Just like the 10-year bond yield, I expect the capacity utilization rate to make a new cycle high. As we mentioned, this is a signal capex growth will start to increase. Historically, the 80% level has been accompanied by strong capex. One long-term issue is that each capacity to utilization peak in the past 5 cycles has had a lower high.

The 2014 peak would make this the sixth straight cycle. It will be interesting to see if the peak in 2018 gets to the level of the previous cycle. This metric is important because low capex spending and the low capacity utilization rate have been blamed for the low productivity growth. Remember, high productivity growth helps workers get real wage hikes.

Strong jobless claims report sweeps away recession fears

Some investors and macroeconomic advisors misinterpreted the recent spike in jobless claims, saying they thought it meant a recession was coming later this year.

You need to be able to differentiate near-term noise from one time events like the weather from actual trend changes. The previous increase was mainly caused by one time events which signaled to me that the labor market was strong.

The latest report was the opposite of the previous reports in that it was forced lower by a one-time event. Claims fell from 261,000 to 220,000 which was the lowest reading since February 1973. Anyone worrying about the time since the bottom in jobless claims will need to start their recession countdown over again.

You can see the spike was caused by Hurricane Irma in the chart below. The more recent spike was caused by the cold weather and the holidays. The latest trough was probably overstated because the results from California, Arkansas, Kentucky, Maine, Hawaii, Virginia and Wyoming were all estimated. Estimates can be wrong.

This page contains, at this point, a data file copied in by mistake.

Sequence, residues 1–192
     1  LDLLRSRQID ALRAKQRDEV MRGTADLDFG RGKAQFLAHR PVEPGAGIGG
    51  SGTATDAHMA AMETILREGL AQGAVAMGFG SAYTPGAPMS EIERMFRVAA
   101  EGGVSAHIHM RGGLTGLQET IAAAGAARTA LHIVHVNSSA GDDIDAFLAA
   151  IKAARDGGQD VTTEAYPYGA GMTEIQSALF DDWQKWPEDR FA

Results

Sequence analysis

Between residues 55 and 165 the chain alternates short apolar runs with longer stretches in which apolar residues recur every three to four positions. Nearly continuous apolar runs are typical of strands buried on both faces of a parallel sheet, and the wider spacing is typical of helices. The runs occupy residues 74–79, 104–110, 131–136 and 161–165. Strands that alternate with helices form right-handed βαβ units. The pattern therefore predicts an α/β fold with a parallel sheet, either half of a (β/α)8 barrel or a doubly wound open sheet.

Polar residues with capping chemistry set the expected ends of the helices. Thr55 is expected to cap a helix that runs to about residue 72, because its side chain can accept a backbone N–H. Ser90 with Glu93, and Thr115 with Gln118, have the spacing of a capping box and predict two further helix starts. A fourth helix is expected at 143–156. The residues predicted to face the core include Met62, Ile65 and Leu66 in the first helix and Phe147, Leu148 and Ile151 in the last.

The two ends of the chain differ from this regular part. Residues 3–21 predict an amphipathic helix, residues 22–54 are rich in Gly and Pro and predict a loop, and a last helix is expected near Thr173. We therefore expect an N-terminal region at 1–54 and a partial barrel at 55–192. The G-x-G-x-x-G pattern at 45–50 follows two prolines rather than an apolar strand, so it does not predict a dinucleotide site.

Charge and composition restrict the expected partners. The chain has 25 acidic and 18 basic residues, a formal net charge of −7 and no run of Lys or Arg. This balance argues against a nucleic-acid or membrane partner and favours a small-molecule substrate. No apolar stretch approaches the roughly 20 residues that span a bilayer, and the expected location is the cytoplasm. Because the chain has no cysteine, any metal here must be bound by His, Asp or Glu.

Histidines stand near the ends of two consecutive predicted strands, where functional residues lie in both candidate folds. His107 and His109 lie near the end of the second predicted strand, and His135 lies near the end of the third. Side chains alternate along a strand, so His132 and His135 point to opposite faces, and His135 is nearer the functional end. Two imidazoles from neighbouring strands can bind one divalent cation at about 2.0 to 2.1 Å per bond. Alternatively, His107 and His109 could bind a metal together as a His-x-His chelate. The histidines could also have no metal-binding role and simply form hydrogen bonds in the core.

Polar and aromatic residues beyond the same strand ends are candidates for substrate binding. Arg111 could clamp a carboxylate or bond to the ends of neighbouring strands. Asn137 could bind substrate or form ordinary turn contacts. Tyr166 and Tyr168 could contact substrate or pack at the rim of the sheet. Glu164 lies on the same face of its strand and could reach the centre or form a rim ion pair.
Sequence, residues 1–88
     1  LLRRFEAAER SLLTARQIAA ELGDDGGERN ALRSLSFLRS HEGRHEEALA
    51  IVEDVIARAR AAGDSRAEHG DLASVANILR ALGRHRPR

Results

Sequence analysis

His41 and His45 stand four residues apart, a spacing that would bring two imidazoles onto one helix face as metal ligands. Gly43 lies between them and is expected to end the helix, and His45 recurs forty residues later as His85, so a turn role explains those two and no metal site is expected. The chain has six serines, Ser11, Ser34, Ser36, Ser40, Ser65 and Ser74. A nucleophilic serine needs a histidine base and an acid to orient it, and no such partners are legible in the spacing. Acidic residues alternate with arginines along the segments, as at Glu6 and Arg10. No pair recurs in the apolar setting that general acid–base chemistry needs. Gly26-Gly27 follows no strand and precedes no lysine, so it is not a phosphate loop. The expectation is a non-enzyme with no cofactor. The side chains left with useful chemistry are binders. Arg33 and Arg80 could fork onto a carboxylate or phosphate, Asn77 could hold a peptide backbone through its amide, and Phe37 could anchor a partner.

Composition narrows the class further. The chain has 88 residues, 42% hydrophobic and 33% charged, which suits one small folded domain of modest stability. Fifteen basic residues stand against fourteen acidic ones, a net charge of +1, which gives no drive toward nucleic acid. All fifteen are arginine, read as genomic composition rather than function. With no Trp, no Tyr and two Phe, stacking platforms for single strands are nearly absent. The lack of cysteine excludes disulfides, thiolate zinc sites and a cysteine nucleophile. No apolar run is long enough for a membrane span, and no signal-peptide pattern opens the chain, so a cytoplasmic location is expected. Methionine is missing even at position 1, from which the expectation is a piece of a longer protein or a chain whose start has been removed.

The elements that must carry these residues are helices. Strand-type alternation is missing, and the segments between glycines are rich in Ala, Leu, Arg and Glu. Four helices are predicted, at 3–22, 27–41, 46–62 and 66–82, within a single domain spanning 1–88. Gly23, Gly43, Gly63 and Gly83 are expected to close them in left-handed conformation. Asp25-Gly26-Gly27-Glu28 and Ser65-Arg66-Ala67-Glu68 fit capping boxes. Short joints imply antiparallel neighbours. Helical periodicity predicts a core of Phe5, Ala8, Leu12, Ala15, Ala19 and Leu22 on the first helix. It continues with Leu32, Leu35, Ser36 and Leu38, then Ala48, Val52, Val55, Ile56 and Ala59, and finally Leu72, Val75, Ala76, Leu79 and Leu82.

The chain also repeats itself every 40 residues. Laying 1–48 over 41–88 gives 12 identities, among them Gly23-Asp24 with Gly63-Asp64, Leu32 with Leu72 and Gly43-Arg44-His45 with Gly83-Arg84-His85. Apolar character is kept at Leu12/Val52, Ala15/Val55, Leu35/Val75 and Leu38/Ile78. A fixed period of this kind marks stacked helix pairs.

Since the report was so low, we can assume the estimate was too aggressive. The results may have been affected by the Martin Luther King Day holiday on Monday. I expect this week’s report to show somewhere between 230,000 and 250,000 jobless claims if it’s not affected by another one-time event. Either way, the labor market remains strong.

Valuations

The 10-year Shiller PE is at 33.86 which means it’s about 10 points below the all-time peak of 44.19 which occurred in December 1999. Some investors say the 10-year Shiller PE isn’t a great metric because it includes the weak earnings from 2008.

I’m conflicted because I think the Shiller PE was built to include recessions and expansions. If this expansion lasts a little longer, it will become greater than 10 years which means the metric will only have data from the expansion.

On the other hand, the earnings from 2008 were worse than the usual recession. To follow up on that point, investors follow Shiller PEs which don’t include the 2008 period. The chart below shows the 10-year Shiller PE and the 7-year Shiller PE. As you can see, the 7-year Shiller PE is at about 27 which makes it close to the most expensive period since 1999. The 1999 peak is 40 which means the market is about 13 points cheaper.

No matter how you look at the data, this is an expensive market.